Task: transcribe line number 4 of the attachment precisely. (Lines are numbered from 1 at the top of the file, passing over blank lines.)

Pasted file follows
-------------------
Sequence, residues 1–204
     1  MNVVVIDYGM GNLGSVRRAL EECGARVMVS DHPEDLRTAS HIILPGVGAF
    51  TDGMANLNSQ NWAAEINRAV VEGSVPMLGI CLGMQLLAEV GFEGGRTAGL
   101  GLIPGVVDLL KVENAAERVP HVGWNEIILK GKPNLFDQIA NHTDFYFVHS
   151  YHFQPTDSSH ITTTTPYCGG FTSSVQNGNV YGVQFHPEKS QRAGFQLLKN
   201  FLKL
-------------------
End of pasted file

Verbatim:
   101  GLIPGVVDLL KVENAAERVP HVGWNEIILK GKPNLFDQIA NHTDFYFVHS